How About Waraqa Ibn Nawfal?

Waraqa ibn Nawfal was one of the four people who abandoned the pagan Arabs’ idolatry and searched for the true religion of Abraham(P). He then later became a Christian and was learned in past Scriptures. Since we have previously seen that there was little or no organised influence of Christianity in the Hejaz, it is highly unlikely that Waraqa had ever been the Archbishop of a community of Christians in Mecca.

The following hadith is a narration involving Waraqa:

Narrated ‘Aisha: (Sahih Bukhari,Volume 1, Book 1, Number 3)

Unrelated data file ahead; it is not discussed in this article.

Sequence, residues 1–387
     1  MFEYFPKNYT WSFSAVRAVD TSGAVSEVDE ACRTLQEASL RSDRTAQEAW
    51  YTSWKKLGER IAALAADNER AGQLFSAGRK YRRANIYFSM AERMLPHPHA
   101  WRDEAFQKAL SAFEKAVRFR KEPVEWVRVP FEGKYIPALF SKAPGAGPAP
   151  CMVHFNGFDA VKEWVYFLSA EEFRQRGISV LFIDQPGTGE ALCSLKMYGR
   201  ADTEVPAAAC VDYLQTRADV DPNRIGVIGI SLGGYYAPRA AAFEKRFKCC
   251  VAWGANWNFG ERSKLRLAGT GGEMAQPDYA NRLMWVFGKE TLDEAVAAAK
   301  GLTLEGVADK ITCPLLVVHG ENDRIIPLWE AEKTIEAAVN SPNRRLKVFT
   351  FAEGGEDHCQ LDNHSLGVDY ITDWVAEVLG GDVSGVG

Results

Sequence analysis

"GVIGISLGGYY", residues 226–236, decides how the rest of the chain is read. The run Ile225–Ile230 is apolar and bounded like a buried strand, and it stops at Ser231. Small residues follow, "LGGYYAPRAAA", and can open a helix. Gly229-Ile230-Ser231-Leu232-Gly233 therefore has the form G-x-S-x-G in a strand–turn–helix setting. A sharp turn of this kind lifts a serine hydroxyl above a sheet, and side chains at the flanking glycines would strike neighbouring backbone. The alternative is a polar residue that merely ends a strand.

…Khadija then accompanied him to her cousin Waraqa bin Nawfal bin Asad bin ‘Abdul ‘Uzza, who, during the PreIslamic Period became a Christian and used to write the writing with Hebrew letters. He would write from the Gospel in Hebrew as much as All?h wished him to write. He was an old man and had lost his eyesight. Khadija said to Waraqa, “Listen to the story of your nephew, O my cousin!” Waraqa asked, “O my nephew! What have you seen?” All?h’s Apostle described whatever he had seen. Waraqa said, “This is the same one who keeps the secrets (angel Gabriel) whom All?h had sent to Moses. I wish I were young and could live up to the time when your people would turn you out.” All?h’s Apostle asked, “Will they drive me out?” Waraqa replied in the affirmative and said, “Anyone who came with something similar to what you have brought was treated with hostility; and if I should remain alive till the day when you will be turned out then I would support you strongly.” But after a few days Waraqa died and the Divine Inspiration was also paused for a while.